While other Middle Eastern states are facing financial and political volatility, or find themselves immersed in full-blown war, Israel enjoys stability. Investments in the Israeli economy are growing by the day and despite mounting concerns of an impending confrontation with Iran, the security situation in Israel has never been better. Furthermore, the Israeli government now enjoys the complete and unwavering support of the American administration in its regional and local battles. The recent White House decision to recognize Jerusalem as Israel’s capital and move the US Embassy to the city is a testament to this.
Thus, Israel’s only threats come from its northern border, where Iran is building up its military presence. To combat this danger, Israel has taken an aggressive stance against any attempt to infiltrate its borders. The Israel Air Force conducted several assaults against Iranian targets deep within Syrian territory to challenge the Revolutionary Guards, and has faced very limited, if any, retaliation. What’s more, Tel Aviv seems to have received Russian support, even if tacit, to operate against Iran’s military buildup in Syria.
There is no doubt that Israel has the upper hand in this situation. Iran is busy dealing with the potential termination of the nuclear deal as well as with its military involvement in different campaigns throughout the region. Thus, it should come as no surprise that Iran is now turning to Hezbollah in order to revive its campaign against Israel. With the Syrian option removed from the table, Tehran is looking to mobilize Hezbollah militants against Israel.
However, here, too, there are some big advantages for Israel. Hezbollah has gained political momentum in Lebanon following the recent parliamentary elections. It has long outgrown its initial mission of liberating Palestine. Today, it is a legitimate political movement committed to taking over Lebanese politics, but, to do so, it must be recognized by international bodies as a legitimate actor. It will thus have no choice but to abandon the military option against Israel in the near future.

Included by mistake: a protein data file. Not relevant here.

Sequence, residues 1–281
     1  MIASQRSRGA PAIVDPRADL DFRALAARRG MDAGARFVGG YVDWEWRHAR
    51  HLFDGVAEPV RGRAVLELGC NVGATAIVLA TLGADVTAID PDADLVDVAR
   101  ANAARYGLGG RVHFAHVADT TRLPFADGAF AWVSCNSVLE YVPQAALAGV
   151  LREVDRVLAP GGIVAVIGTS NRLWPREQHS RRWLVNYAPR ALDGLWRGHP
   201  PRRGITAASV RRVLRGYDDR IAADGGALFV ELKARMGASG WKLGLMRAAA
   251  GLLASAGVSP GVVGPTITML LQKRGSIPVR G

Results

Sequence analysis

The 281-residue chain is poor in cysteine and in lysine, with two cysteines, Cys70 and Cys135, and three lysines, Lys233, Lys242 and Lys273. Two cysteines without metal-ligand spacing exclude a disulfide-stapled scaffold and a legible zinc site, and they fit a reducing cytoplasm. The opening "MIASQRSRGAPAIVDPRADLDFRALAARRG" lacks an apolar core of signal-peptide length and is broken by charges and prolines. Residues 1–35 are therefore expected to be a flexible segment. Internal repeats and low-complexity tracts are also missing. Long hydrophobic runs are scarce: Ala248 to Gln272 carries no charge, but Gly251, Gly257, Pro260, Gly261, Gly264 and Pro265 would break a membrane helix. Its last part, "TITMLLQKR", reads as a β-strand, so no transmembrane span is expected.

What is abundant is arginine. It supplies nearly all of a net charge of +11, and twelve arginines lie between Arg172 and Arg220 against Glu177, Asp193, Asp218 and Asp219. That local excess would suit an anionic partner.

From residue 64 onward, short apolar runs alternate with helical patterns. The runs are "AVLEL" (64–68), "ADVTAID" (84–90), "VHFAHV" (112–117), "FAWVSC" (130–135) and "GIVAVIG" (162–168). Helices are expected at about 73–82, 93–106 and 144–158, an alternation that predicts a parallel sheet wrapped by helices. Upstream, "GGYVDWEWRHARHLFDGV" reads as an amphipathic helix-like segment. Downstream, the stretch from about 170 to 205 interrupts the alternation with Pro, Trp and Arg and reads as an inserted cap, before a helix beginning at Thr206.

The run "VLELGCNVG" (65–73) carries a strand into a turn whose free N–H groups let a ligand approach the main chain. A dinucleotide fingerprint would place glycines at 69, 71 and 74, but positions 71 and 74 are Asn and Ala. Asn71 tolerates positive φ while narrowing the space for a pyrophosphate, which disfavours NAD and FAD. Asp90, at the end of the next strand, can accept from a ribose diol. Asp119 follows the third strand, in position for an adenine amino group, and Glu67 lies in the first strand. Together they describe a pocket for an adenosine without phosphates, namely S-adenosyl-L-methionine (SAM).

Israel, with both of its security threats on the northern border contained, will continue advancing its long-term goals in the region. Tel Aviv recognizes that its security is not merely guaranteed by international resolutions and understandings, but also by the way in which it leverages to its own advantage the internal cracks that have formed within the Arab world. This is exactly what it has been doing, and it has been doing it very successfully.
– Ali Amin
Al-Ahram, Egypt, May 27
With the 21st FIFA World Cup set to take place in Russia in just two weeks, security agencies in Moscow have been ramping up their presence on the streets and at the different venues in an attempt to foil any attempt to carry out attacks.
Islamic State, in particular, has been vocal about its plan to target the prominent soccer tournament. ISIS-affiliated websites have published dozens of posts, including videos and images, warning participants against attending the games. Fake photos of Argentinean football star Lionel Messi and Portuguese star Cristiano Ronaldo wearing orange bodysuits as they face execution have proliferated throughout the Web.
While these posts certainly induce anxiety and fear, they also demonstrate the dire circumstances Islamic State is currently facing. After sustaining a humiliating defeat in Syria and Iraq and losing most of their personnel, ISIS leaders have realized that their only means of carrying out a successful attack against Western targets is by inspiring lone wolves to act on their behalf. In other words, these propaganda materials are meant to inspire radicalized youth throughout the world to carry out an attack at the games, particularly against notable football stars, using makeshift weapons.
It is also clear that ISIS leaders understand that the security measures being taken to thwart any large-scale attack in Russia are likely to be effective. Therefore, their attention has shifted to encouraging small attacks that might go unnoticed by Russian security authorities and intelligence agencies. While this type of attack should not be undermined, it is far less dangerous than a massive attack aimed at a larger public.
Nevertheless, there is still reason to be concerned. The weakness of Islamic State could, in fact, be the main source of danger since the movement is determined to prove it is still potent. With no other means to sustain itself, ISIS might resort to targeting the tournament at any cost.
– Wahid Abd al-Majid